I know there are a lot of people who have mostly negative views of religious faith. I can understand to some extent how people could feel that way, given the wars and violence done in the name of various religions, and the unfortunate stereotypes of believers that are often perpetuated by the media.
My own experience of faith, though, has been almost completely the opposite. For a lifetime I have been watching believers whose faith in God has defined their lives and blessed the world around them. I have seen people weather unbelievably tough times with a peace that truly passes understanding. I have been strengthened and upheld by knowing that people are praying for us. And the sadness of losing loved ones who die is tempered by the belief that their souls live on, and the hope that we will someday see them again.
To some, of course, this sounds like foolish wishful thinking. But I’m reminded of one of my favorite Woody Allen quotes: “What if everything is an illusion and nothing exists? In that case, I definitely overpaid for my carpet.” As funny as this quote is, he does have a point. If it’s cold, hard evidence you’re after, I think most of what seems like “proof” is just as illusory, if not more so, than truths that cannot be seen. I’m not sure we have any more reason to trust what we see as “realities” that appear only to our senses, than we do to trust in the unseen, and perhaps Einstein would agree.
In any case, I am profoundly thankful to have this song among the ones that play inside my head when I need them most. I love it even more now, after sitting beside Jeff in church this morning, hearing him sing the words of the final verse and knowing he meant them. The world is a very tough place at times, and it’s unspeakably comforting to hold to an unchanging hand.
One year ago yesterday*
*the post from one year ago today was linked in yesterday’s post
“Reading was my escape and my comfort, my consolation, my stimulant of choice: reading for the pure pleasure of it, for the beautiful stillness that surrounds you when you hear an author’s words reverberating in your head.” ― Paul Auster
Even when life is the craziest and most chaotic, I always read myself to sleep at night. It’s often the only time of day that I make time to read a book, but no matter how late it is, I read at least a little bit, just long enough to drift off. It keeps me from lying awake worrying about everything else.
Reading is undoubtedly a comfort, consolation and stimulant of choice at other times, too. Whether it’s email, a letter, a newspaper, a magazine or the back of a cereal box, I cannot imagine going very long without reading something. It’s my preferred method of staying in touch with people I care about, as well as the way I learn, think, and survive. It’s as necessary to my well-being as food and water. I really believe that.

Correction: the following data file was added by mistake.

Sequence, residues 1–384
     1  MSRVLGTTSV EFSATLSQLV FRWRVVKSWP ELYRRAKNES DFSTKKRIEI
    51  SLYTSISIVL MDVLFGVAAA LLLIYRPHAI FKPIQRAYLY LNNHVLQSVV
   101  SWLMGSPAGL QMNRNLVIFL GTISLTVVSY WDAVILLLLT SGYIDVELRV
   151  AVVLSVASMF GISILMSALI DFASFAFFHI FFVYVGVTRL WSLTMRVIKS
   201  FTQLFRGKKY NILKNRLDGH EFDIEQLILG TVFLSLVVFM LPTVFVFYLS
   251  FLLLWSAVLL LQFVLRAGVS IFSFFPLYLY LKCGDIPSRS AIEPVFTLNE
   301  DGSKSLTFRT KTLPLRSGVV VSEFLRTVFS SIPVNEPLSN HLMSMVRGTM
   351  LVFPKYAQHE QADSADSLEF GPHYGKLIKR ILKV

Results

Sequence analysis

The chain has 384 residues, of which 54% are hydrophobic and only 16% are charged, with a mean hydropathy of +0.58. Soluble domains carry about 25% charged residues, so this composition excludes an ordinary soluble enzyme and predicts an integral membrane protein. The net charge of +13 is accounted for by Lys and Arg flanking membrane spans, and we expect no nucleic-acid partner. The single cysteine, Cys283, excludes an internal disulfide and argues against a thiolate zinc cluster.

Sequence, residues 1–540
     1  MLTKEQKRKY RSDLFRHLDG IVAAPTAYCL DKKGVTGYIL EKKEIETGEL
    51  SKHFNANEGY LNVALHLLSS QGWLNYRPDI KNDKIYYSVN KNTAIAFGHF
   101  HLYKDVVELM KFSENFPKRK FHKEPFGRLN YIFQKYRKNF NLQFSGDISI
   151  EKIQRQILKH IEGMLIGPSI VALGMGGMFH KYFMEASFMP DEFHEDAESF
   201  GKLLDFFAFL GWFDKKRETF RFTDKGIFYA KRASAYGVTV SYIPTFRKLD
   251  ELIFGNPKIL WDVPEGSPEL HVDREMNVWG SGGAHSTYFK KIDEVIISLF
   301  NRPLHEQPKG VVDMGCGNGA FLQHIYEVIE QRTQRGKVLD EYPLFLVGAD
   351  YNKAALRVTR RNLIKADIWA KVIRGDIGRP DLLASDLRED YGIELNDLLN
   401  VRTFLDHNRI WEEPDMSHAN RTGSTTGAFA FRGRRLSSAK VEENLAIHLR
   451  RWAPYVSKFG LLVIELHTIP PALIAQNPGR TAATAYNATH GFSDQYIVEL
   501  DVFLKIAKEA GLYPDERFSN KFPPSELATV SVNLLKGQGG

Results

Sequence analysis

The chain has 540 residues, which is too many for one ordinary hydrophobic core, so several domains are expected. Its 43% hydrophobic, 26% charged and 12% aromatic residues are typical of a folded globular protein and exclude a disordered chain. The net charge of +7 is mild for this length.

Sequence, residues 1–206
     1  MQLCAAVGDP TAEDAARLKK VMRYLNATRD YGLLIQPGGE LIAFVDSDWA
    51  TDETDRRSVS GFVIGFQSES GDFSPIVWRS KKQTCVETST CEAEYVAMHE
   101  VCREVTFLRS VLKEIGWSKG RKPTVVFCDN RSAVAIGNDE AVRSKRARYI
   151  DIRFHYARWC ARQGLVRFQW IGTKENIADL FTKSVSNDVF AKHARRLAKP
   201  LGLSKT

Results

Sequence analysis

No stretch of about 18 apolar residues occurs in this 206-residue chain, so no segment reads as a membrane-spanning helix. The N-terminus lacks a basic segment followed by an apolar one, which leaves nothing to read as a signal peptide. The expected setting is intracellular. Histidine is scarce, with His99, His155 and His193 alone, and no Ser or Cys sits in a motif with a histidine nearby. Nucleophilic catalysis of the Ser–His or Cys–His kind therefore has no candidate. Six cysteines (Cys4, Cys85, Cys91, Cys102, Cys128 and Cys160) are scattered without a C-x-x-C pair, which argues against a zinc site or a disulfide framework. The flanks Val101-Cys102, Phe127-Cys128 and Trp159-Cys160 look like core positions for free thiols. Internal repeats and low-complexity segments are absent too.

Readers today are blessed as never before with unlimited sources and choices for reading material. Audiobooks, digital readers and quick, free downloads from the public library have increased our options exponentially. Whenever I feel overwhelmed or depressed, the thought of having so much reading, just waiting for me wherever and whenever I am ready for it, brightens my day.
If you have a Kindle, Nook or other e-reader and need help finding a public library near you from which to download free audio and electronic books, let me know. I’d be glad to help you find one. Do you have a favorite author, series, or great book to recommend? There’s no better time than winter to share the joys of reading!
One year ago tomorrow*
*I switched the “one year ago” posts for today and tomorrow because the topics matched better. The post from one year ago today will appear with tomorrow’s blog post.
“I felt my lungs inflate with the onrush of scenery—air, mountains, trees, people. I thought, “This is what it is to be happy.” ― Sylvia Plath
It’s difficult to read this quote from Plath without thinking of the sad reality that she chose to end her own life while still young, with two small children. Yet I find hope here in realizing that even a person given to fatal depths of melancholia was not completely beyond the reach of happiness.
One thing that helps me in moments of despair is the realization that “this too shall pass.” When everything seems to be going wrong, or when we are feeling sad or distressed (even if it’s for no particular reason) it’s easy to think we can never be happy again. But when our emotions tell us our sorrow is permanent, our minds can argue back.
Yes, we can and will be happy again. Yes, there will even be moments of elation, such as Plath describes. We know this because we can look into our memories and find both joy and sorrow there.